People can sense when you’re trying too hard to woo a potential mentor. You’re better off going about your regular business and letting connections develop without pressure. But you do have to put yourself out there. While networking events are good for connecting with new peers, they don’t necessarily lend themselves to regular, ongoing contact with someone inspiring. Find a balance so you get what you need from your mentor without demanding unreasonable time and attention.
Don’t neglect it
Relationships take work, and mentorships are no different. Your mentor may not be your manager, but he isn’t your buddy either. Don’t blow off lunch dates or fail to follow through on things you say you’ll do. Show gratitude and respect for your mentor’s experience, wisdom, and support. It might feel like you’re doing more taking than giving in the relationship, but the best mentors realize they can learn from the experience, too, so be an active participant — not just an empty vessel waiting to get filled with knowledge.
A great mentor isn’t going to be your unconditional defender or career savior. A great mentor will push you, guide you, and support you in reaching your fullest potential, but he can’t do the work for you. He may, however, be cheering the loudest when you achieve.
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My friends know my attitude to coaching. I hate it.
Not in the sense that I hate it. I hate what coaching has become in the corporate culture: mandatory process which gives no idea what to do, but wastes your time with mirrored questions.
Not that it’s no good, it helps people that are not professionals to look like professionals asking very wise question “If you knew the solution….” And some other professional-sounding questions. And senseless when it comes to operational activities.
Want the example? Here you have some:
– I need to reboot server. What and how to do it?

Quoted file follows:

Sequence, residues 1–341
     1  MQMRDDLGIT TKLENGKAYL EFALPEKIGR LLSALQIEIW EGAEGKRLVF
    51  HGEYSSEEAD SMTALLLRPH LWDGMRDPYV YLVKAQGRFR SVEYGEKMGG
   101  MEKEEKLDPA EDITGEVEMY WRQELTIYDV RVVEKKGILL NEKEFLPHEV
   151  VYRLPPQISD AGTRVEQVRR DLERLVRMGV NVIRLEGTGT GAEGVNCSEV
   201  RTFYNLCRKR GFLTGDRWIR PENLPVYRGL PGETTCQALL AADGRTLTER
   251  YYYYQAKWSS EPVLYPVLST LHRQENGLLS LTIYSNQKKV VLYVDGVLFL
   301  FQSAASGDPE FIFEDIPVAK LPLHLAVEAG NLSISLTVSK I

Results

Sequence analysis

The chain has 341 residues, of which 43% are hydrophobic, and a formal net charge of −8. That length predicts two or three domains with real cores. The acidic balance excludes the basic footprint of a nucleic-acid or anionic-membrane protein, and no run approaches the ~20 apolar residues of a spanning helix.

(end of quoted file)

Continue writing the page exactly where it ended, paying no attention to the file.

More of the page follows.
– If you knew the answer to this question, which button would you press?
– We need to buy critical hardware for the company. And I can’t reach the approver (Chief Accountant, Director, Manager, CEO – put yours here), I tried emailing, messenging, calling to work, mobile. It looks like I’m ignored.
– Did you look for any other solutions or way of reaching person or tried approving in different way?
Corporate culture usually is obsessed with KPIs. Any KPIs. Any KPIs that can be presented despite their illusionary weight. Including KPIs on how many times you coached somebody.
The issue is that of consiousness. You can’t use a hammer where you need a needle.
Coaching is a hammer, dealing with situations when you’re in dead end, at the Big Wall, or your creativity stopped. You crash brains by absolutely Zen questions with no chance of getting brains back.
Mentoring is a needle allowing you to embroid beautiful things by putting together the whole process of [self-]development. You create a staircase for an individuality to step from newcomer to senior, supervisor, lead, manager, director.
One of the best so far comparative presentations for Mentoring Vs Coaching from Management Mentors.
Mentoring vs coaching (pdf direct)
Коуч може зробити тебе олімпійським чемпіоном, але майже точно ти помреш одразу після того.